As promised in the first post, here are two ideas for you to begin chewing on these hybrid securities:
Boyd Group Income Fund (TSX:BYD.UN)
Boyd Group operates over 200 collision repair service centres in Canada’s 4 Western provinces and 13 U.S. states. The company is Winnipeg headquartered and has been around since 1990. Over the last five years or so it has seemingly really hit its stride as the stock has climbed more than 600%. This is a great example of where the downside protection/open upside offered by the convertible debenture comes in to play.
Boyd Group’s convertible debenture matures in December 2017, carries a yield to maturity of 4.9% (effective yield you will receive over the life of the bond), and has a conversion price of $23.40. The YTM compares nicely to the stock’s dividend yield of 2.5%. The equity currently trades a bit south of $19 so would have to appreciate by about 25% before conversion becomes a realistic possibility. If the next five years are anything like the past five years, this shouldn’t be an issue.
However, Boyd trades at a free cash multiple of 14.5 according to Capital IQ. Its 10 year average multiple is 6.3. This is not an overly cheap stock. Should results stumble and this multiple revert to say 10 times free cash flow, the stock could fall from $19 to the $12-13 range. The impact will be far less severe for debenture holders as insolvency is unlikely. The bond characteristics will support the security.
Therefore, the Boyd Group convertible debenture (BYD.DB) offers a generous yield and the opportunity to participate in a growing business that has been a fantastic performer over the past five years. With steady free cash being produced, as long as the company doesn’t go completely crazy with debt to fuel growth, insolvency is an unlikely outcome. Worst case you’ll collect 4.9% per year over the next five years with this debenture. This is better than the worst case that equity owners face.
Aside from downside protection, convertibles can also be used to produce an income stream that otherwise doesn’t exist. Canam is an example of a company that doesn’t pay a dividend but the convertible carries a yield to maturity of 5.3%.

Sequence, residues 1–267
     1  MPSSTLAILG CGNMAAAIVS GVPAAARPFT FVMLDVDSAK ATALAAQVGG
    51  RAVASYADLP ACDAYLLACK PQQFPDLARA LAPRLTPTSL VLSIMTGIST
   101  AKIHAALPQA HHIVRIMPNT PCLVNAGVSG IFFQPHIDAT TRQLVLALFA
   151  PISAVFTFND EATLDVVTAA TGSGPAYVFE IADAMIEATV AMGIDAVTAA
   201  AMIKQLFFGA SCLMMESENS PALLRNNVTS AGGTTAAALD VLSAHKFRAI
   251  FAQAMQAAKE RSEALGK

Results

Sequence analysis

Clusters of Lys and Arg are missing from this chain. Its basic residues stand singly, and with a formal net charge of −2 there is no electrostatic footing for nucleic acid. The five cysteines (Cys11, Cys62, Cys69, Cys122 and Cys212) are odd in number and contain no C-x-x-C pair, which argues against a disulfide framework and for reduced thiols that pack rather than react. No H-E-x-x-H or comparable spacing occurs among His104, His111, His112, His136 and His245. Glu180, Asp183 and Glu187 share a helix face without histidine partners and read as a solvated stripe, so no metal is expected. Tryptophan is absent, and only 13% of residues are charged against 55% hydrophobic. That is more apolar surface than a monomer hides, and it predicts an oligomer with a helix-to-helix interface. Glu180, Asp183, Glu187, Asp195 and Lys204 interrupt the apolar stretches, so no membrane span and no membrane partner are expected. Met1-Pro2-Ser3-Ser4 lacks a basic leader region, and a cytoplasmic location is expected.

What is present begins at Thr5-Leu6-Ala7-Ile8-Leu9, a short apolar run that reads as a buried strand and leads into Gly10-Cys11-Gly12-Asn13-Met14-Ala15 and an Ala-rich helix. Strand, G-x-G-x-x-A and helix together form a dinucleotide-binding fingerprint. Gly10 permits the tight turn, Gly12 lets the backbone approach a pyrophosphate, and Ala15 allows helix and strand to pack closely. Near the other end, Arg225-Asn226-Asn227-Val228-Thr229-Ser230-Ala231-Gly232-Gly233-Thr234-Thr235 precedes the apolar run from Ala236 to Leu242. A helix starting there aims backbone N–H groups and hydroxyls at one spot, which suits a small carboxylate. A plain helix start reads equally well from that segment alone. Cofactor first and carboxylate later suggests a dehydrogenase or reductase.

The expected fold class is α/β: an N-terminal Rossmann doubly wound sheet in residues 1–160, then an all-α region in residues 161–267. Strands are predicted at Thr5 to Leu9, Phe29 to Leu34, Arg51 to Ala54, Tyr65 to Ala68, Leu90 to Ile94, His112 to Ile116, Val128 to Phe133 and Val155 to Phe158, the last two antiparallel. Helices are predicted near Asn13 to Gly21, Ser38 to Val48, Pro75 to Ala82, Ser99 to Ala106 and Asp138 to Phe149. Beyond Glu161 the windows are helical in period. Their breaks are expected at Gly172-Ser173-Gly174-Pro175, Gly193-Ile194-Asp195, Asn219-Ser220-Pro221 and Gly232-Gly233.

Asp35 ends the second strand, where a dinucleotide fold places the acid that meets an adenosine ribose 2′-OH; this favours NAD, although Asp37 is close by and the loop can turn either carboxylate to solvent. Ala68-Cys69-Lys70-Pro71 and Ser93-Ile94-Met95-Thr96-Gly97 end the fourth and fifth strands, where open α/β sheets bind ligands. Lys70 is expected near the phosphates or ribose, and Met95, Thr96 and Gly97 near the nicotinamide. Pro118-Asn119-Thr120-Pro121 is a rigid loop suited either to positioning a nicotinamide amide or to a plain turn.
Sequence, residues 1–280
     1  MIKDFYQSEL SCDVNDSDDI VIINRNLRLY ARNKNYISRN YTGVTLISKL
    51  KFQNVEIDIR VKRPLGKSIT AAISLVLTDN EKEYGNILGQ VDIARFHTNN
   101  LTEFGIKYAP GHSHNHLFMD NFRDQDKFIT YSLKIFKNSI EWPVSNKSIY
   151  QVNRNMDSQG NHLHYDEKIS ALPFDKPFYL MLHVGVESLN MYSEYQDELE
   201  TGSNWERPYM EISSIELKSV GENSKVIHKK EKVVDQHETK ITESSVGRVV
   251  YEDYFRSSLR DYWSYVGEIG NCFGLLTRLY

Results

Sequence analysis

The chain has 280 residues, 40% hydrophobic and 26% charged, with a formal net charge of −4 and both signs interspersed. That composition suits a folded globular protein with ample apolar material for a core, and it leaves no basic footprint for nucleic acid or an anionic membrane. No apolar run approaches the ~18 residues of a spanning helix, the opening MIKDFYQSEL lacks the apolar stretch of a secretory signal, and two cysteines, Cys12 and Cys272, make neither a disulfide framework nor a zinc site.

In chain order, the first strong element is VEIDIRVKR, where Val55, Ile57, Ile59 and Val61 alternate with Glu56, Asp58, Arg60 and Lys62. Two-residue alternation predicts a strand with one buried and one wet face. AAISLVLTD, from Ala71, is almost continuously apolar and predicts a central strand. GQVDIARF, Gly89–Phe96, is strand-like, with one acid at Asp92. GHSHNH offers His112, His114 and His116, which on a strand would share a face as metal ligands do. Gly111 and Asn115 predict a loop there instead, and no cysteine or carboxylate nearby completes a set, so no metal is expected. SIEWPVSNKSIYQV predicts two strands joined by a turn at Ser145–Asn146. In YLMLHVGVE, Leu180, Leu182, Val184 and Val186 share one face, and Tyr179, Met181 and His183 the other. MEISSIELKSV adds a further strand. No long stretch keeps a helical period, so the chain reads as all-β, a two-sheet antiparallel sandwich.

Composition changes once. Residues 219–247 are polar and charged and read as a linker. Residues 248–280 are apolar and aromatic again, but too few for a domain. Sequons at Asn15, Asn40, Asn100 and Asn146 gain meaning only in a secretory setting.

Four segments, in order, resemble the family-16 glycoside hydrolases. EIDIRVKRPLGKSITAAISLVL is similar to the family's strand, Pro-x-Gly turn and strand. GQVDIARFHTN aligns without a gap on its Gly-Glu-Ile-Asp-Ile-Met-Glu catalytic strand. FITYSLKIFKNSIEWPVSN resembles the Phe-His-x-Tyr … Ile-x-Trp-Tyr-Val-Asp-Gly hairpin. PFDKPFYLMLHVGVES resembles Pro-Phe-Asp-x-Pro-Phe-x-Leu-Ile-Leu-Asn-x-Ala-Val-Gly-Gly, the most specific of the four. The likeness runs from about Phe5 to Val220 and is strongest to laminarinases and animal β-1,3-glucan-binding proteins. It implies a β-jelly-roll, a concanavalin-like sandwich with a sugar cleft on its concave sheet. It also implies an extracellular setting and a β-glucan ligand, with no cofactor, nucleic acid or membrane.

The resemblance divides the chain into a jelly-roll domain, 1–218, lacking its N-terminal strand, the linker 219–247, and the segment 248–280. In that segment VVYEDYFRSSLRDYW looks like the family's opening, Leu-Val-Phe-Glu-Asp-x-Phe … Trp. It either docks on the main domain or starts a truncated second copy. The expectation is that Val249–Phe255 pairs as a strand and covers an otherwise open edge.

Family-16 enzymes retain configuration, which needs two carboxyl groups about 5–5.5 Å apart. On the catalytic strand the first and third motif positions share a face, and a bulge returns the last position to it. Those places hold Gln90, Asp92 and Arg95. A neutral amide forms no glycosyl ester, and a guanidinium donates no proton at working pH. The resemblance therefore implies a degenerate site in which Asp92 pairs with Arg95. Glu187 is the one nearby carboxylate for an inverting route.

The conversion spread on the Canam convertible is wider than it was with Boyd Group. The stock currently trades at $7.60 and the conversion price is $12 (58% appreciation required), however, Canam is widely considered to be a cheap stock. Upside beyond $12 is a distinct possibility.
The company is involved with industrial construction (buildings, structural steel, bridges) and the slowdown in the U.S. economy has impacted business. If the U.S. economy continues to recover, Canam appears poised to benefit.
Canam’s stock currently trades below book value of $8.62. In better economic times the company has traded as high as 2.2 times book value. If we use 2 times book as a peak multiple we get to an upside price of $17 or so.
If you believe Canam’s stock is capable of rising to this level, the equity is the way to play the name. However, if you are more of the belief that the U.S. economy doesn’t improve dramatically from here, yet want the chance to participate if it does, Canam’s debenture and its income producing quality might be the way to go. Without a dividend, the stock doesn’t necessarily offer a payoff should the U.S. economy stall out.
The Foolish Bottom Line
Convertible debentures are another tool in the investor’s tool kit. They don’t always make sense, but occasionally, their downside protection and income producing characteristics are a fit for specific situations. If you absolutely love a company’s prospects, convertibles are not the correct route as the equity will provide you with more bang for your buck. However, if you have doubts but don’t want to miss out should the stock run, consider these hybrids as a way to make your play.
Fool contributor Iain Butler does not own shares in any of the companies mentioned in this report at this time. The Motley Fool has no positions in the stocks mentioned above.